I know, I know. It’s been a while, right? Oh well. You’ll get over it. Or you won’t. Either way, I’m still hanging in there and trying to write every now and then.

This week, I’m taking a look at the evolution of my writing, posting an excerpt from something I was working on in 2008–a crime novel called Baptist Hill, and set in an almost exclusively black neighborhood in my hometown of Enterprise, AL. I was experimenting a little with style, trying to tell the whole novel through the sidekick’s perspective rather than the hero’s. I thought it’d be a neat little conceit.

I look back on it now and go … hey, this isn’t bad. But it’s not really good, either. It’s more of a Robert B. Parker pastiche than I’d like to admit. Let’s take a look at the opening pages of the now trunked novel:

Chapter 1

 The body lay face up, staring ceaselessly into the hard early summer rain. Uniformed police and crime scene technicians trundled around the body like worker ants, corralled by yellow crime scene tape. They wore cheap clear plastic slickers, and in the rain they looked like impressionistic figures in a Monet painting. Brad Warren stood apart from it all, seeing everything in the revolving blue-and-red lights cast by nearby police cruisers. Rain had blown underneath his umbrella and his hair was slick and plastered to his skull. His suit was wet through, and his expensive tasseled loafers had sunk past the heels into the soft dirt of the weedy vacant lot behind police headquarters. If Warren noticed the rain or the muck, he gave no indication. He concentrated entirely on the scene before him.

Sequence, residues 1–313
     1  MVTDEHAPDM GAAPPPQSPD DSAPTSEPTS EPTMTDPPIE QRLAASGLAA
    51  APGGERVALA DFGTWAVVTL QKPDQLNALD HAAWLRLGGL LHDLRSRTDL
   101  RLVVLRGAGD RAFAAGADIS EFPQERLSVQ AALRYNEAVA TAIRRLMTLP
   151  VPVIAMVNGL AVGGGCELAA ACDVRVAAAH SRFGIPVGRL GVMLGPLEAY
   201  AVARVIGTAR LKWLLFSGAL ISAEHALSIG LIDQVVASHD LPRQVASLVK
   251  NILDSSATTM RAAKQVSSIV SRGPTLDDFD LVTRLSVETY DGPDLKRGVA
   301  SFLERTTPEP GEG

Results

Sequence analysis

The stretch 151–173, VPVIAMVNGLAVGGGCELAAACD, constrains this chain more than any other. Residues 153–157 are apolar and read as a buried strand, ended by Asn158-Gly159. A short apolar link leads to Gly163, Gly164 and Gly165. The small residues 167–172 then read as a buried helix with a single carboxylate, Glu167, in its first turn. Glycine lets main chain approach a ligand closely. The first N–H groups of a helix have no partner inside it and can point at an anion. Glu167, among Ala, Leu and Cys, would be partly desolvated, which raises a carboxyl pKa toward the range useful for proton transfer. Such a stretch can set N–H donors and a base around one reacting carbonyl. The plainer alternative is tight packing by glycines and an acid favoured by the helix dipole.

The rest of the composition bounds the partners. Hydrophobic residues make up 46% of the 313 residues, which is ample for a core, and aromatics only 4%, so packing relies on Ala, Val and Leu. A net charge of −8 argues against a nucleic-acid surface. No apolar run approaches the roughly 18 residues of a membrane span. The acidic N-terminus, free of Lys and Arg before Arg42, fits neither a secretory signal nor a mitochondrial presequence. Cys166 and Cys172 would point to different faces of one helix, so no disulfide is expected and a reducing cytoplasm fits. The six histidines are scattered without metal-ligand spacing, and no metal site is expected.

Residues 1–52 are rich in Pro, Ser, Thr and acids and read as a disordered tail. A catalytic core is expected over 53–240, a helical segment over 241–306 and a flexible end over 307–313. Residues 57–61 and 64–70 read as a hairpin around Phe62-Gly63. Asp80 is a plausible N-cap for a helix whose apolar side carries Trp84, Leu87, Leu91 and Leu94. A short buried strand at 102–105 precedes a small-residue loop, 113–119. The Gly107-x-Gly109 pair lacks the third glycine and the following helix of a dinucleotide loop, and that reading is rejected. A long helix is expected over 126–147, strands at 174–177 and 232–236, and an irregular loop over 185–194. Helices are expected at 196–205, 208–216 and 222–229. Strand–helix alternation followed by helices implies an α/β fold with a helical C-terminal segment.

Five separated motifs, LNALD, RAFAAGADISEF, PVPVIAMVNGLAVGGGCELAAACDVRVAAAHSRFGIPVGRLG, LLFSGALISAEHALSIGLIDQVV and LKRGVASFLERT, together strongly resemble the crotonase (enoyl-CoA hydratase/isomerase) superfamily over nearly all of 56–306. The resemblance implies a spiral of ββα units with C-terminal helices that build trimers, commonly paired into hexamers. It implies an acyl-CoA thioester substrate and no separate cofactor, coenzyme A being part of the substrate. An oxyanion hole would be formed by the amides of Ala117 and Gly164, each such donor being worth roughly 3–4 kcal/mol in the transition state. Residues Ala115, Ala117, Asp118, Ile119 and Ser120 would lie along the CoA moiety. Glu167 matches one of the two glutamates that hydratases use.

One of the uniforms approached Warren and said something. He looked over at me and jerked his head. I pushed the crime scene tape up and stepped into a different world, like Alice through the looking glass. The distrust from the cops who saw me was almost palpable. None of the uniformed cops would look at me. The camera that hung from my neck was heavy, my very own albatross. Whether I was inside the yellow tape or not, I was an outsider.

“Murder,” Warren said when I got within earshot. “The body was badly beaten, gunshot to the forehead probably finished it.”

Underneath my poncho, I was scribbling notes in a small, narrow spiral-bound notebook. I’d been a reporter at too many crime scenes, in bigger places than this. I didn’t have to see what I was writing. When I got back to the warm, dry office the notes would be illegible to anyone but me.

“Coroner already ruled?”

“I saw what there was to see. If he tells it any different, I’ll let you know.”

“So you don’t know for sure?”

“Damn it, Leon, how long have you been doing this? Body hasn’t even been moved to the morgue yet. Autopsy won’t be for two-three days, probably.”

“Have to send it to Montgomery?”